About Your Credit Score
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Before deciding on what terms they will offer you a mortgage loan (which they base on their risk), lenders must find out two things about you: your ability to pay back the loan, and if you will pay it back. To understand whether you can repay, they assess your income and debt ratio. To assess how willing you are to repay, they use your credit score.
The most commonly used credit scores are FICO scores, which Fair Isaac & Company, a financial analytics agency, developed. The FICO score ranges from 350 (very high risk) to 850 (low risk). We've written more about FICO here.
Credit scores only consider the info in your credit profile. They never take into account your income, savings, amount of down payment, or factors like sex ethnicity, nationality or marital status. These scores were invented specifically for this reason. Credit scoring was envisioned as a way to assess a borrower's willingness to repay the loan while specifically excluding other irrelevant factors.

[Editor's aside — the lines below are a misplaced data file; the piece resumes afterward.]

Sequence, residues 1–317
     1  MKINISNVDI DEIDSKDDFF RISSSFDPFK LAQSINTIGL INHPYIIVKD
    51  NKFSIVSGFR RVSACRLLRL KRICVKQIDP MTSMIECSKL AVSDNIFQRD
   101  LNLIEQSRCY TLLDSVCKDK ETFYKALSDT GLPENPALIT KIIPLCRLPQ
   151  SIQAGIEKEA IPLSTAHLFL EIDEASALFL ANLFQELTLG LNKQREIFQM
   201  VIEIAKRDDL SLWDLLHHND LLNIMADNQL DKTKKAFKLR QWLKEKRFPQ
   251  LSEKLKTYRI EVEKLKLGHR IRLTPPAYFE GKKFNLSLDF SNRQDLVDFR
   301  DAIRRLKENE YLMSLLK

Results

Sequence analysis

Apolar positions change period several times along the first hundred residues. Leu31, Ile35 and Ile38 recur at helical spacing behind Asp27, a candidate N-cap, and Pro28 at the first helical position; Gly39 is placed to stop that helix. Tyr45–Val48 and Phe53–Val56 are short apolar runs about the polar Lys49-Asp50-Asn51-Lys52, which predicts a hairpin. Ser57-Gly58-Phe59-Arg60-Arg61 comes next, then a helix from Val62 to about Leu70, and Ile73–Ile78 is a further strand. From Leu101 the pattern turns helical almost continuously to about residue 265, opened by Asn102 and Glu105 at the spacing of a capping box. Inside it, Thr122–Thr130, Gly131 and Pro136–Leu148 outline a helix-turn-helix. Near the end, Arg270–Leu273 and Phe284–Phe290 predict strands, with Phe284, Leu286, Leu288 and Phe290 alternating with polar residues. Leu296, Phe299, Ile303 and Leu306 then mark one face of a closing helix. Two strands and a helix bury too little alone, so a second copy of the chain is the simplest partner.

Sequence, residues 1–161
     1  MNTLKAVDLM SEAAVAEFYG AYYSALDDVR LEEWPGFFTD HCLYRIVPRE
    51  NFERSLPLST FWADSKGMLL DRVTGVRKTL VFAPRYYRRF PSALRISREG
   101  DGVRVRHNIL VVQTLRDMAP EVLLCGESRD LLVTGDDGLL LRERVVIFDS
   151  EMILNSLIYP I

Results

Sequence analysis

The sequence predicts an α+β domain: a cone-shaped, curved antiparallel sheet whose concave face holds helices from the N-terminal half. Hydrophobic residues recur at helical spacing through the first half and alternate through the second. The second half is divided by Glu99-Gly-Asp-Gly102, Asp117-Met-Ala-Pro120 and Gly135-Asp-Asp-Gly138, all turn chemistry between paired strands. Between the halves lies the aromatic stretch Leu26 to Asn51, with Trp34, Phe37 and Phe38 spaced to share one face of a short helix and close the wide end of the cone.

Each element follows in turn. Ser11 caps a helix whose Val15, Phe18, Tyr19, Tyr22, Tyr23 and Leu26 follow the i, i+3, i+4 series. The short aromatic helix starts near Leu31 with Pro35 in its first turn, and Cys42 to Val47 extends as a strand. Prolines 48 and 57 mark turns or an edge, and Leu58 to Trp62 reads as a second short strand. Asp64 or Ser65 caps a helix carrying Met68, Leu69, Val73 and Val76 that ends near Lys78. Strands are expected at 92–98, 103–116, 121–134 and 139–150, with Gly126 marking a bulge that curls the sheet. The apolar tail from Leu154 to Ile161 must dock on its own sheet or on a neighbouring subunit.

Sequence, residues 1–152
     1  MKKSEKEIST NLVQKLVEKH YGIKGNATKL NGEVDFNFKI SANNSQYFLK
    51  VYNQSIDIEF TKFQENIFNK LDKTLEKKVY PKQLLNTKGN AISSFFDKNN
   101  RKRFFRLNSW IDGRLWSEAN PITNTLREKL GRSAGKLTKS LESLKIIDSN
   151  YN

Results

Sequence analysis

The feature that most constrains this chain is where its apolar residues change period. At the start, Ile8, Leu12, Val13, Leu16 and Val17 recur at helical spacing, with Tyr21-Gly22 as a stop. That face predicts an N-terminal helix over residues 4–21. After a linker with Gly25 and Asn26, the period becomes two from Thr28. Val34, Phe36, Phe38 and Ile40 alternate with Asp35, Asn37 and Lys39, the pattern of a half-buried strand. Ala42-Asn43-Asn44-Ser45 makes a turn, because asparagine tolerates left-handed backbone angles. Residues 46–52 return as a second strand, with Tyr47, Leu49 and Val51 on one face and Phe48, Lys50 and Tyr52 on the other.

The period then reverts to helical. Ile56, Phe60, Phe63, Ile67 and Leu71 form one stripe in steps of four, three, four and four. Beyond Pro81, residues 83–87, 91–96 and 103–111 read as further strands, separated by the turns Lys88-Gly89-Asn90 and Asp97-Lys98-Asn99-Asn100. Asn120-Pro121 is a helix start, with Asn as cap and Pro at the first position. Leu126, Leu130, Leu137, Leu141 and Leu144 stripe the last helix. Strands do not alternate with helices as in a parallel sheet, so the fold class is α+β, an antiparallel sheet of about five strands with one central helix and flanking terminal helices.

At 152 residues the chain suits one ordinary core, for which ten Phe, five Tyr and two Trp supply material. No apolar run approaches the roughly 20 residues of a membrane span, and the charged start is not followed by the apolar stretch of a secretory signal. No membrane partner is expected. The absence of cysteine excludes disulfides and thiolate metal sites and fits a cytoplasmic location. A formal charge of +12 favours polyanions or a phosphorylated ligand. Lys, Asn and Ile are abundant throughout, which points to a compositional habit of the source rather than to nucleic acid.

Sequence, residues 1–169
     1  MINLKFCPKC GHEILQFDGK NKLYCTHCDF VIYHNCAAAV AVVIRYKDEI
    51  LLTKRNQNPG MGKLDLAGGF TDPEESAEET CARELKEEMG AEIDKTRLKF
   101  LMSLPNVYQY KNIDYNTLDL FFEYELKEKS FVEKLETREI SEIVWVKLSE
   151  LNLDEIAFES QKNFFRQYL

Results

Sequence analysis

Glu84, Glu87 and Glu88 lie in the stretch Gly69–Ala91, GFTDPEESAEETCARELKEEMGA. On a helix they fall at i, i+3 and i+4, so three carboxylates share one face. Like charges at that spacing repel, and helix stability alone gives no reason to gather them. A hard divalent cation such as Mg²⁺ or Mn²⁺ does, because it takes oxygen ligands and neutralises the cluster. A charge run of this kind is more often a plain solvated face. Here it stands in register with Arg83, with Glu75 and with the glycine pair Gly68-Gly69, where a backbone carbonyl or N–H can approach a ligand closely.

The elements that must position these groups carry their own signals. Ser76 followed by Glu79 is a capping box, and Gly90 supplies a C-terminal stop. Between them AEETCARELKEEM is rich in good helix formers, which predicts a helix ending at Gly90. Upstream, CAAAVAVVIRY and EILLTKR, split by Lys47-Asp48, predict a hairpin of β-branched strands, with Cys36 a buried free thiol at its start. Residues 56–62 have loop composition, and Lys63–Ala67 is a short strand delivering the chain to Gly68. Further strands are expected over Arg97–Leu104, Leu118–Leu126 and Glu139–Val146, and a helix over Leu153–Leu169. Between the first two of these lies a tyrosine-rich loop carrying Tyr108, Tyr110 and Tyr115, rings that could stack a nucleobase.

Your current debt load, past late payments, length of your credit history, and other factors are considered. Your score is based on the good and the bad of your credit history. Late payments count against your score, but a record of paying on time will improve it.
To get a credit score, borrowers must have an active credit account with six months of payment history. This payment history ensures that there is sufficient information in your credit to calculate a score. Should you not meet the criteria for getting a credit score, you may need to work on a credit history before you apply for a mortgage loan.